Admittedly, it’s a divisive stance, but a significant number of recipes and food experts recommend either looking for less visibly fatty cuts of oxtail, or trimming off some of the excessive fat before cooking. As much as I’m usually not a “less is more” person when it comes to fat, oxtail is already such a naturally gelatinous product that I understand why many instruct you to trim. After all, you don’t want the dish to be too excessively greasy or oily, or to be forced to spend all your time nursing over the pot, skimming fat from the top.
Time is on your side. (Unless, of course, you use a pressure cooker.)
“Low and slow.” “Low and slow.” “Low and slow.” If there’s any one constant refrain about oxtail cookery, “low and slow” is it. Why? Well, because the meat, what precious little of it there is, is going to be fairly tough (remember, it’s surrounded by fat but not marbled with it), not to mention to whole thing is super-rich in collagen, which needs time to break down into soft, rich, flavorful gelatin. Cooking the tail in liquid for several hours over low heat is the best way to unlock the unctuous, fall-apart-tender meat from this seemingly challenging cut.
Of course, if time is of the essence, you should definitely consider experimenting with a pressure cooker. What might normally take three-plus hours to achieve in a pot on the stove can be reduced to a speedy 45-ish minutes (without sacrificing flavor) with the help of this clever kitchen tool.
Brown before you braise.
Most oxtail aficionados will recommend following the conventional slow-cooking with meat wisdom: Brown before you braise. Cooking with oxtail is all about extracting as much flavor as possible from a challenging, less-than-forthcoming piece of meat, so really, the browning call is easy to understand. By searing the meat on all sides first, you caramelize its surface, enhancing and adding more complexity to both the flavor of the meat and the liquid it will be cooking in.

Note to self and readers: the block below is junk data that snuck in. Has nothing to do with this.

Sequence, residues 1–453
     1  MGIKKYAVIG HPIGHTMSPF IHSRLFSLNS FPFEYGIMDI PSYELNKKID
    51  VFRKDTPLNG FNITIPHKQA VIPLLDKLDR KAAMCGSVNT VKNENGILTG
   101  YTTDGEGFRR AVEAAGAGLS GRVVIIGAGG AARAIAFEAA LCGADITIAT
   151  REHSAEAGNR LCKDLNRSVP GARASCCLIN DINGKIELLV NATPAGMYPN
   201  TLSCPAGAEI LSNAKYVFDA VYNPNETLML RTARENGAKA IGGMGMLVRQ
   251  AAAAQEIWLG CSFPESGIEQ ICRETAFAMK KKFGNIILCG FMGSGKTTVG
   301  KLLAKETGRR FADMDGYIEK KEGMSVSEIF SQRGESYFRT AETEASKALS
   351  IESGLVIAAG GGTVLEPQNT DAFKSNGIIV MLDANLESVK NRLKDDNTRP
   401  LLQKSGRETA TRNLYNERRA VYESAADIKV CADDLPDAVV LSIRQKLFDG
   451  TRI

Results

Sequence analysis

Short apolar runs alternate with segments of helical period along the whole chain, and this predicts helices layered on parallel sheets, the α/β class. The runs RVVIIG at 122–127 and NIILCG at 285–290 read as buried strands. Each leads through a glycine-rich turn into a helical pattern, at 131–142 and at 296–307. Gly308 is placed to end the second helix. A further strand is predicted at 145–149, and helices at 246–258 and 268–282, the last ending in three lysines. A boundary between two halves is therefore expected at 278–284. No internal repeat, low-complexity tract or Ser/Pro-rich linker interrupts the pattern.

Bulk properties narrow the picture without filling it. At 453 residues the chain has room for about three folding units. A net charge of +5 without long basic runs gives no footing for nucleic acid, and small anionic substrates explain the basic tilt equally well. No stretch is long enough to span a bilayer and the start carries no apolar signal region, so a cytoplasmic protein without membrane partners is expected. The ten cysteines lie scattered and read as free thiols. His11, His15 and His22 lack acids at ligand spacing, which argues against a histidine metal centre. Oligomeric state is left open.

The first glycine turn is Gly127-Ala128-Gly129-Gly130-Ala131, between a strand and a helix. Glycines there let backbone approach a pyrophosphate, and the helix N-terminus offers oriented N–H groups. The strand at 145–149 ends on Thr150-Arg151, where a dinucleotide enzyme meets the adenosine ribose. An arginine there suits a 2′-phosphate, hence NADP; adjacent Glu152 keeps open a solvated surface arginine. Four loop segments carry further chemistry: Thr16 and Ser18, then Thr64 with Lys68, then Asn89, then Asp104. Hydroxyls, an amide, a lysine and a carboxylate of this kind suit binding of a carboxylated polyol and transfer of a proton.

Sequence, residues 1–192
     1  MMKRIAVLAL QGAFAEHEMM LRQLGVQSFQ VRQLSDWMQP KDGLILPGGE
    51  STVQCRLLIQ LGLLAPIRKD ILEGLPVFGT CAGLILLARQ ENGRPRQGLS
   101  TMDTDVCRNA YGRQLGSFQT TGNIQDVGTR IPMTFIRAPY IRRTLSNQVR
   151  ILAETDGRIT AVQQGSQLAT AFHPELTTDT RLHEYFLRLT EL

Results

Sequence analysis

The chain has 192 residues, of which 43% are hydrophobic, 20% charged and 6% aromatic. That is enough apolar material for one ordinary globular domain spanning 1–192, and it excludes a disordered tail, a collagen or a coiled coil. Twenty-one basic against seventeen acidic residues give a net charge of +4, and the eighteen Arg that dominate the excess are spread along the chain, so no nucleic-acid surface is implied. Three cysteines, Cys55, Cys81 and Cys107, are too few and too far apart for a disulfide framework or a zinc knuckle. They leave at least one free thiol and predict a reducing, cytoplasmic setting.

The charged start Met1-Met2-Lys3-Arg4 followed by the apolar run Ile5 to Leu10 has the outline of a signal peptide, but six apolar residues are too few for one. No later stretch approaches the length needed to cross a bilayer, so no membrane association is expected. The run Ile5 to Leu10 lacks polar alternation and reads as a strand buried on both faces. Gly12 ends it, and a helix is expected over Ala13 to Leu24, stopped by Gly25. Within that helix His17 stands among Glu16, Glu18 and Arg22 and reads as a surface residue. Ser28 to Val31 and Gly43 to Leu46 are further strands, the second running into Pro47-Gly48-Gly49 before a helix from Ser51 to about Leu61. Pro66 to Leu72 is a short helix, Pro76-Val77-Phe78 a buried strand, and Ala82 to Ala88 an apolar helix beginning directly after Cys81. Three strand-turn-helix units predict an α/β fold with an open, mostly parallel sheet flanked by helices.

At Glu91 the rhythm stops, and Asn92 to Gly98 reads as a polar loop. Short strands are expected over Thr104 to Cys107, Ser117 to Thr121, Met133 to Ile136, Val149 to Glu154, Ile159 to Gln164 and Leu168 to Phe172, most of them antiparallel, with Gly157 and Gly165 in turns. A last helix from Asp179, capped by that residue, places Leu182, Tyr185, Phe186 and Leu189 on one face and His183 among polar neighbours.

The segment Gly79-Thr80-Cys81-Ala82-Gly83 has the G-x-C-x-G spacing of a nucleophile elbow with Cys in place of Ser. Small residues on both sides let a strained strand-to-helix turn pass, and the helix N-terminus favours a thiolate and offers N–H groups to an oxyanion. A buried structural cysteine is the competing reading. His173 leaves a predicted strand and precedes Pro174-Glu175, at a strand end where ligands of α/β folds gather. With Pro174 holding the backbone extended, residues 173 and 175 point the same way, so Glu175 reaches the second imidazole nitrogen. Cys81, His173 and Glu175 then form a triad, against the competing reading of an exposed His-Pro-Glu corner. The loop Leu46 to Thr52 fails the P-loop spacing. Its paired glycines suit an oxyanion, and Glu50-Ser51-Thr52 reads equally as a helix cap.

Avoid drowning your tails.
When you’re doing the slow and low braising thing with your oxtails, most recipes advise using an amount of liquid that is somewhere between just under and just over level with the meat. This has less to do with the final texture of the meat (that’s more of a temperature of the liquid concern), and more to do with wanting a final sauce or broth that has a richly concentrated flavor. Basically, the more liquid, the more thinly spread the flavors, and the less rendering of gelatin.
Don’t skip the cool-down soak.
Once the oxtail has sufficiently braised to fork-tenderness, you might need to remove them from the cooking liquid to reduce it down and make a sauce, or so that you can separate the meat from the bone. Either way, you’ll need to cool the liquid down, and when you do, do not take out the bones immediately while still hot. By letting the bones continue to soak in the liquid as it cools down, you’ll help prevent the meat from drying out.
Related Video: Jerome Grant’s Museum-Worthy Oxtail Pepperpot
Header image courtesy of Shutterstock.